A Lot of Pressure
Gravity pulls the atmosphere toward the earth. The air near the earth’s surface compresses, creating greater air pressure near the earth and lower air pressure at higher altitudes. Because of the pressure exerted on the lower atmosphere, it is packed much more densely than the thin air at higher altitudes. In fact, of the roughly 180 miles-thick layer of atmosphere, fully 80 percent of it is packed into the lowest 3% miles.
At sea level, atmospheric pressure amounts to about 14.7 pounds per square inch. The higher we go in the atmosphere, the lower the pressure gets, until at the very top of the atmosphere, the air pressure diminishes to about zero.
The air, like any gas, is composed of tiny atoms that speed through space bouncing into other atoms. Not only do atoms bounce into each other, they also bounce against every other surface, whether it’s our skin, the walls of a building, or the body of an airplane. The combined force of these tiny collisions is called atmospheric pressure, or simply air pressure. We measure pressure by comparing the total push of all the little collisions over a certain surface area, usually in units of pounds per square inch.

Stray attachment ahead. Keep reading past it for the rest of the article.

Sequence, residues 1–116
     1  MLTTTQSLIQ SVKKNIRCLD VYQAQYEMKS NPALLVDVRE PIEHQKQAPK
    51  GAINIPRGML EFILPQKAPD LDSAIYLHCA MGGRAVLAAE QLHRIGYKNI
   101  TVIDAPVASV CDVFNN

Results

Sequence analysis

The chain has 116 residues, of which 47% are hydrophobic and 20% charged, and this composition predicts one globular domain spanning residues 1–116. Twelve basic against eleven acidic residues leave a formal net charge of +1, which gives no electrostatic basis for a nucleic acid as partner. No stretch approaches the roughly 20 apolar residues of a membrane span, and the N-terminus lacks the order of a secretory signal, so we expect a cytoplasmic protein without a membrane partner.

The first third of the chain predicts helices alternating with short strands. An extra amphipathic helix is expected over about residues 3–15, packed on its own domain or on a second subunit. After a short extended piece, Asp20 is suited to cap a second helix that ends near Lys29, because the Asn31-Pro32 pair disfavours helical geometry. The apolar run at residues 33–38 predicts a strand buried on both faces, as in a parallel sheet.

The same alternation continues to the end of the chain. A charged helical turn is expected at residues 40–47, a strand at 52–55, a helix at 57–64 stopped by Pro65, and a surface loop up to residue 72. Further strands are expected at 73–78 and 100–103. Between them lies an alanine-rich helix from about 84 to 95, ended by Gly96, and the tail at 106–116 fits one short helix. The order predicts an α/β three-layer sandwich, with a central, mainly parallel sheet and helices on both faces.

Meteorologists measure air pressure using instruments called barometers, which measure pressure with long mercury-filled tubes. The higher the air pressure, the higher the mercury rises in the tube. Mercury barometers measure pressure in units called inches of mercury, the units pilots most commonly use. The equivalent of 14.7 pounds per square inch is 29.92 inches of mercury.
You’ll find an aneroid barometer on every airplane instrument panel. Pilots use it to measure altitude. The altimeter registers the decrease in air pressure that takes place as the airplane climbs, then displays the lower pressure not as a measure of inches of mercury but as higher altitude.
A cleaner and more compact barometer, the aneroid barometer, uses a small, flexible box with the air sucked out of it. High air pressure compresses the box, and low air pressure allows the box to expand. The changes in the shape of the box move a needle on the scale on the barometer’s face.